appointed, first the twelve, and then the seventy disciples, to go forth and to proclaim that the kingdom of heaven was at hand. This ministry, however, was merely preparative. “The Church

• “ could not be organized under the new dispen“ sation, until the Jewish form ceased; and that

could not cease till the Messiah had finished “ transgression, made an end of sin, and made “ reconciliation for iniquity, by the sacrifice of “ himself. Accordingly, he did not give his apos“tles their high commission until after his resur“rection; and they did not so much as attempt "to act upon it till, as he had promised, they “ were endued with power from on high by the “ descent of the Holy Ghost on the day of Pen“ tecost. Then they were able to speak in the “ name of a Master who was set on the right “hand of the Majesty in the heavens. And then, “ and not till then, did the Church put on her “ New Testament form.*"

This is the concession of a living opponent to our Church, in his own words; and while it affords abundant reason to perceive why we do not find, in the Gospels, any minute and formal account of the constitution of the Christian ministry, it shows us where we are to look for it; namely, in the model set up by the apostles, during the actual exercise of their commission, in the order of the churches which they founded, in their instructions contained in the Epistles which they penned, and in general, in the primitive organization which they established. And this gives additional weight to the other branch of evidence to which I am presently to refer--the testimony of ancient authors. Indeed there is one remark which is applicable alike to the government of the Church and the morality of the Gospel; that neither of them is systematically laid down. We are not, however, to suppose from the silence of the Gospels, that no directions were given to the apostles, or that they were left to organize the Church without the Divine illumination and guidance. They had the gift of the Holy Spirit, and knew the mind of Christ; for it is expressly declared of him, that he, through the Holy Ghost,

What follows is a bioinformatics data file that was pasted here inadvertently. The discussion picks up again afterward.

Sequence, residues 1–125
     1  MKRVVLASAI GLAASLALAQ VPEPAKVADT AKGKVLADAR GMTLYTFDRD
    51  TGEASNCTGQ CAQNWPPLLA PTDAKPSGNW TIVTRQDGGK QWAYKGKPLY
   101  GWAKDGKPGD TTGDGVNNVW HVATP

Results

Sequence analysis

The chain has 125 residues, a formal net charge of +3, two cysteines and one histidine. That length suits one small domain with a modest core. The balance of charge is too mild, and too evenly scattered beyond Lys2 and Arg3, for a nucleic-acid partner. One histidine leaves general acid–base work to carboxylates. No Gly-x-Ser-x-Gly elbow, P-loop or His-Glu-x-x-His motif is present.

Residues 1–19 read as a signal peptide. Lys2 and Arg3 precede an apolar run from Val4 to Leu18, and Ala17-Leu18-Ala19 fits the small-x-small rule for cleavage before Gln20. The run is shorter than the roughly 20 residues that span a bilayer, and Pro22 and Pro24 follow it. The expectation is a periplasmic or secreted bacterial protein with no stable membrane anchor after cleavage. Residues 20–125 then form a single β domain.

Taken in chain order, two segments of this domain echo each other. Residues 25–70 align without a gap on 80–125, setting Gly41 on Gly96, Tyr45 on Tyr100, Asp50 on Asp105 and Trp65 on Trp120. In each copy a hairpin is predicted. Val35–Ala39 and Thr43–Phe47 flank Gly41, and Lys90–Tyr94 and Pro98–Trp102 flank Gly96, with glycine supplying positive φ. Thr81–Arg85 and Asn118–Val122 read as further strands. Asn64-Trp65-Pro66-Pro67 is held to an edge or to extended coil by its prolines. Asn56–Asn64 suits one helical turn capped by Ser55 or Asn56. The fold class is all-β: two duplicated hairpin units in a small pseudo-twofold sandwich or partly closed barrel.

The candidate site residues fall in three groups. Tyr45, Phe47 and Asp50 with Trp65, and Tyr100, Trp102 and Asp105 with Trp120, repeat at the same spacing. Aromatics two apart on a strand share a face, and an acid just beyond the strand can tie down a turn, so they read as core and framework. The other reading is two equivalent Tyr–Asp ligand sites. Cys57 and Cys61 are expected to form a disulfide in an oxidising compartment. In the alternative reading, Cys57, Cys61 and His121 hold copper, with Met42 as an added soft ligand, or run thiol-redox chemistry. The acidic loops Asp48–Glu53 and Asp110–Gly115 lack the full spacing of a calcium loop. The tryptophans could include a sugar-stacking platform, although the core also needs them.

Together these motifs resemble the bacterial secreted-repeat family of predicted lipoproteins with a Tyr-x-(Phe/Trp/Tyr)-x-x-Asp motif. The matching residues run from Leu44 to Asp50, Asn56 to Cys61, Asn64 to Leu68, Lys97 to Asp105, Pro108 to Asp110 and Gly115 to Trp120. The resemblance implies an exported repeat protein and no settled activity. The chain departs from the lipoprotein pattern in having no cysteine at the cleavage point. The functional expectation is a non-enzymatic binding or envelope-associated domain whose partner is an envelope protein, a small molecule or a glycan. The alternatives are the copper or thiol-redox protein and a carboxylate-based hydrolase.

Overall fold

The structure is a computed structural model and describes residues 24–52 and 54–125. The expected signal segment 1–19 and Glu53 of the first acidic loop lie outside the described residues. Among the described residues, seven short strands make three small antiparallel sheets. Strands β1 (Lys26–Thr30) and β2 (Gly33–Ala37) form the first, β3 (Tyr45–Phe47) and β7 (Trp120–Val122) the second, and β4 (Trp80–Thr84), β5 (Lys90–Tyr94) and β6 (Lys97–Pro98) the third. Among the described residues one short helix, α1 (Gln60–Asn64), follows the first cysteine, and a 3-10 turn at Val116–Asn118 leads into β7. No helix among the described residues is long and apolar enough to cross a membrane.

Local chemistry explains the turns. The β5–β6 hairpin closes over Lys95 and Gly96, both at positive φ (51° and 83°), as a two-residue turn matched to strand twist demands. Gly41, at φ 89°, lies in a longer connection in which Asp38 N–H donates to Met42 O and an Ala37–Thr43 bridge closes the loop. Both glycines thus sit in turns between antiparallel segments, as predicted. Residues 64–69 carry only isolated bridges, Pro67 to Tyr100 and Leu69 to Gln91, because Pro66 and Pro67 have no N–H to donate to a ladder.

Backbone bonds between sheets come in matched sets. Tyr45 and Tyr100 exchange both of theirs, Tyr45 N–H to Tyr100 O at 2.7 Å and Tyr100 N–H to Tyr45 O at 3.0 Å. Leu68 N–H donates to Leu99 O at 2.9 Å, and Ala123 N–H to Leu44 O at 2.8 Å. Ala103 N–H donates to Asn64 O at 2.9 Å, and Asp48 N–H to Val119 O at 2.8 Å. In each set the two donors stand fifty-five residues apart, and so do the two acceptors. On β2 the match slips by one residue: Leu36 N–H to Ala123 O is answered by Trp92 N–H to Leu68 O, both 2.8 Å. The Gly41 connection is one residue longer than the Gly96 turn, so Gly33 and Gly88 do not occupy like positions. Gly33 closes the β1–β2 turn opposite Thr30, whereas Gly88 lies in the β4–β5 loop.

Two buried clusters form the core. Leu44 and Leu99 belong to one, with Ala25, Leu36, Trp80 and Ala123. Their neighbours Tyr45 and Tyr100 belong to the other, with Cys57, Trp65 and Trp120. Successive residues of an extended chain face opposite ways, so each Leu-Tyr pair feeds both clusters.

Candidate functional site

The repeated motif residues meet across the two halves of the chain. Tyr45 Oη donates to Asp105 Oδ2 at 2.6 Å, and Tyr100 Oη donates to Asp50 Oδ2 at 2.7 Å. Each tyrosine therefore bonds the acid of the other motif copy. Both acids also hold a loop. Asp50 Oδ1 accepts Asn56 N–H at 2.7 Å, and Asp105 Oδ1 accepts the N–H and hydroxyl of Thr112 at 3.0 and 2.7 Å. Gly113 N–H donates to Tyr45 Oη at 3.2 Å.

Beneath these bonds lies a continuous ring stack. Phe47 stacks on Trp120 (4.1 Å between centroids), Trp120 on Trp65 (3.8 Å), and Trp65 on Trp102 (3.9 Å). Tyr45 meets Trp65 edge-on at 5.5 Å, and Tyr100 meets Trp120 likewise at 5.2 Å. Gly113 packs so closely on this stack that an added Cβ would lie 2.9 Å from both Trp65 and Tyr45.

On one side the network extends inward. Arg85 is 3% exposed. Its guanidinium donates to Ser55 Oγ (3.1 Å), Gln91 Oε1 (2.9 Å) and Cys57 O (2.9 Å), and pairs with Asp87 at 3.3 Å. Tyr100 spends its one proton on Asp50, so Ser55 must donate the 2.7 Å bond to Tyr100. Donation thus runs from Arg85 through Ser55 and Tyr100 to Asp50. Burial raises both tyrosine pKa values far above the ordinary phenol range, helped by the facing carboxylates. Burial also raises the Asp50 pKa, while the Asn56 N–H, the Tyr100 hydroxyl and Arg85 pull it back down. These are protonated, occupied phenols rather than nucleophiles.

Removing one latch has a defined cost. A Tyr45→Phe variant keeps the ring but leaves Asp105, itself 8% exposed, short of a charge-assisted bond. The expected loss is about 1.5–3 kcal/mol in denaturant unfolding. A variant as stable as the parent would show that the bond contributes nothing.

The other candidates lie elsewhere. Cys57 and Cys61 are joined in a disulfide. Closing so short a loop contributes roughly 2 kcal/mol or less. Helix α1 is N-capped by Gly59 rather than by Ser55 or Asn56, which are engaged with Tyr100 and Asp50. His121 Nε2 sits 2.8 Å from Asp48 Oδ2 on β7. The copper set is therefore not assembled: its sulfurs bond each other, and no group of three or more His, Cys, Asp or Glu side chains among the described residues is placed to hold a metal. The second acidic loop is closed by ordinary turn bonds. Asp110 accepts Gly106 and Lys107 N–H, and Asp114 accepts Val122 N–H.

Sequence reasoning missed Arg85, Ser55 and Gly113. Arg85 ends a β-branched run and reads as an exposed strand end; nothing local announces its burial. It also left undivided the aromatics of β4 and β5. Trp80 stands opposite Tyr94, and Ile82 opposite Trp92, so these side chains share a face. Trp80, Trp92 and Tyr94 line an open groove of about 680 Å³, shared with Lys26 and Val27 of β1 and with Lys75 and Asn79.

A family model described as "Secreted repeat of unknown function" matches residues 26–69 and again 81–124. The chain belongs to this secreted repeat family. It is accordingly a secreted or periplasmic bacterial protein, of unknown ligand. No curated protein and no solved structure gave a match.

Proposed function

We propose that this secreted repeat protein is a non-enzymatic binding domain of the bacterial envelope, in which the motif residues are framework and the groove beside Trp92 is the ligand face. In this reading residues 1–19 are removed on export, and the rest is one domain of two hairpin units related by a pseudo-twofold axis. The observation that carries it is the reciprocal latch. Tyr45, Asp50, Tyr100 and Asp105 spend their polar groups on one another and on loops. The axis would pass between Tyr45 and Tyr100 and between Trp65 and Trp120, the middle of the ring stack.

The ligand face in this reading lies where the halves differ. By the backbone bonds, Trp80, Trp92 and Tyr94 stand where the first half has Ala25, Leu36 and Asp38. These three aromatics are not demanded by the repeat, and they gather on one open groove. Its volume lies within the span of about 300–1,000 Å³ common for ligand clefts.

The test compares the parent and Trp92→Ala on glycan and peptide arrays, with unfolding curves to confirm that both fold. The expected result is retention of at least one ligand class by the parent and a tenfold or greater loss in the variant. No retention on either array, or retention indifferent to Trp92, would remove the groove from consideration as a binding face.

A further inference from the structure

• Dr. Mason's Christian Magazine, vol. i. p. 338.

gave commandment unto the apostles whom he had chosen ; that “he showed himself to them “ alive after his passion, by many infallible proofs, “ being seen of them forty days, and speaking of “ the things pertaining to the kingdom of God:" by which expression he most frequently designated the Church which he came to establish. Here, then, we have sufficient grounds to argue that what the apostles did, in reference to that Church, they did agreeably to his will; that if they established divers orders of the ministry, they did so by the divine providence of Almighty God, by the inspiration of his Holy Spirit.

Now, that the narrative of their acts, and the Epistles which they wrote, continually recognise two distinct orders inferior to the apostles; one of which was called bishops or presbyters indiscriminately, and the other deacons; every reader of the New Testament knows. The whole history of the apostles is extremely brief, and records but a small part of their proceedings in converting and evangelizing the world. But in letters to the churches which they founded, we find them addressing, not only the saints in Christ Jesus, but the bishops and deacons. The Epistles to Timothy and Titus describe what a bishop ought to be; and likewise, what are the qualifications for the office of a deacon. They are addressed to individuals possessing a similar power with the apostles, and co-workers with them; and VOL. II.